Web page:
I figured by using my tractor as a tool to somehow educate and give people hope and courage it would make a difference in their life. I work closely with Medical Center Barbour and Relay For Life and many other cancer related organizations. My tractor has been to many different fundraising events including the National Peanut Festival, Eufaula Pilgrimage, Indian Summer, Champions of Hope, and many other events. All funds donated are put into the Medical Center Barbour Breast Cancer Fund. As a female I’m aware of the risks and the sacrifices of Breast Cancer. While interviewing several Breast Cancer survivors I found out it was closer to home than I originally thought. Millions of women are diagnosed every year. Inspired by these stories I knew I wanted to restore this 1952 Ford 8n tractor in the name of Breast Cancer.

This tractor and someone diagnosed with Breast Cancer has a similar resemblance, the tractor on the outside looked to have no hope but with a lot of hard work and external modifications there would be a second chance. Seeing the tractor for the first time in its condition I knew it was going to be a lot of work. I have now restored it to its new second chance on life in hopes it will inspire Breast Cancer survivors that they too can have a second chance on life.

Throughout my project I have been able to make so many new relationships, help those in need as well as spread the word about my love for the FFA. My pink tractor now has its place on the Front cover of the Fastline Magazine for the pink tractor 3 mcbOctober edition for 2014. My tractor has also been traveling to different fundraising events all over the state of Alabama. At each event that Hope and I have attended we have earned donations for this cause and we continue to do so as we want to find the cure and end the fight.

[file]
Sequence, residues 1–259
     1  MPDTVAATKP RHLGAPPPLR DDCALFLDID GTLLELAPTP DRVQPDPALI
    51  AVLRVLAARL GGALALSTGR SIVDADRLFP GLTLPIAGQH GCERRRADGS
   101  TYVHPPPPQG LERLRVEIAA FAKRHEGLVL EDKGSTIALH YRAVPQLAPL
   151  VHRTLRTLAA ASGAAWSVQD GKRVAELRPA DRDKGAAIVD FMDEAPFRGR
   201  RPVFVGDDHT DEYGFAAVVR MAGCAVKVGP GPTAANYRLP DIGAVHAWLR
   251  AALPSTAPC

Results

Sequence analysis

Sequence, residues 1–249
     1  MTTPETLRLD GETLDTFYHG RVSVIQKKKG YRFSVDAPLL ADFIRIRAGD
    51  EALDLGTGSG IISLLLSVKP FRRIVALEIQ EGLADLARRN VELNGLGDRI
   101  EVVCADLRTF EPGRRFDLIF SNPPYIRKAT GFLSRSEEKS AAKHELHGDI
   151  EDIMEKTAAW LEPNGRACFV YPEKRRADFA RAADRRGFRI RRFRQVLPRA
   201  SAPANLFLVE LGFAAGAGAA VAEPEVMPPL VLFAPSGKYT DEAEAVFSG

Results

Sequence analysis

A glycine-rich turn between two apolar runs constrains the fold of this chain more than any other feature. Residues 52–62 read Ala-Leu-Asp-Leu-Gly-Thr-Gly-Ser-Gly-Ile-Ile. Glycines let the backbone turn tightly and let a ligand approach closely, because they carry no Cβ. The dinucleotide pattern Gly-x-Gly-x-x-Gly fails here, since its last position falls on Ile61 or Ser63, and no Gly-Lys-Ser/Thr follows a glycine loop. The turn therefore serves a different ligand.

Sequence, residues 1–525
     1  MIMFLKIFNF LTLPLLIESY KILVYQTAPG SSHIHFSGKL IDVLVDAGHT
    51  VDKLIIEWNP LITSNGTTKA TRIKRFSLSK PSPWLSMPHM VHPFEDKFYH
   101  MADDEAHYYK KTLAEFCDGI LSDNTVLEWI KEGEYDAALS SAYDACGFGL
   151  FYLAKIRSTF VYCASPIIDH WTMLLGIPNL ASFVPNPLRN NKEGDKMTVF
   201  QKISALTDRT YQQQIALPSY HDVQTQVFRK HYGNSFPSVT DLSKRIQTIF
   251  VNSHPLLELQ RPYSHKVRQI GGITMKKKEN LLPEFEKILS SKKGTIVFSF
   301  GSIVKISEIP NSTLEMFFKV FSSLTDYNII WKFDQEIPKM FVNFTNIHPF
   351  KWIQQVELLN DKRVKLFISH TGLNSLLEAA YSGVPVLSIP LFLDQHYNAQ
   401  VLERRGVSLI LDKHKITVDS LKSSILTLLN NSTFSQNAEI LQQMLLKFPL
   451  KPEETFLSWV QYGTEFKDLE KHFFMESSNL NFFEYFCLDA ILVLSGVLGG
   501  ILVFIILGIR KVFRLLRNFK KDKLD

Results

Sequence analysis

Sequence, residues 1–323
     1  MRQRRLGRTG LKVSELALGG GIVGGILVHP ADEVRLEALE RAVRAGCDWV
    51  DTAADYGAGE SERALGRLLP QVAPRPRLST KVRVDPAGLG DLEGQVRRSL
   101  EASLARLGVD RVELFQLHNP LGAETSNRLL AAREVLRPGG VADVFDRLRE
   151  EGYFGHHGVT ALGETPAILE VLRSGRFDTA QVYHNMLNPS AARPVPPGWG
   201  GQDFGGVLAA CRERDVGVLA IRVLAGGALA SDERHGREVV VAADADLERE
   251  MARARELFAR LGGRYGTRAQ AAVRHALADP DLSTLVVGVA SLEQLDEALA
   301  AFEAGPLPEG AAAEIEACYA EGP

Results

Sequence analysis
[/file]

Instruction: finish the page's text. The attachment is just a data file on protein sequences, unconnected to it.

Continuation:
My goal throughout this project has been to help those in need and inspire others to help as well. This restoration would have never been possible without being involved in FFA, having an advisor like Mr. Buster Padgett, supportive parents, and many others such as: Eufaula High School, Titan Tires, Steiner Tractor Parts, Fastline Magazine Publications, NAPA Bennett Auto Parts, HG Auto Paint, Eufaula Iron Works, and Herndon Tire Company.

Cassandra Gifford
Eufaula, Alabama

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Tractor Stories – 1952 Ford 8N

Ford_8n

I found a 1952 Ford 8N Setter in an open shed which had been sitting for 10+ years.  I was interested in restoring it so I asked the man who owned it if I could buy it.  He said that it was his dad's tractor who had passed away several years earlier.  He sold it to me so that it would not sit there and ruin away.  It was in bad shape.  The gas had dried up in the tank and had stopped up the gas bowl and carburator.  One tire was flat and the others were low.  It had no brakes.  The brake pads and coils were bad and the clutch was stuck. 

     My plan is to totally restore it so that one day I can pass it on to my 4-year old grandson to enjoy.

Raymond R. Weathers
Laurens, SC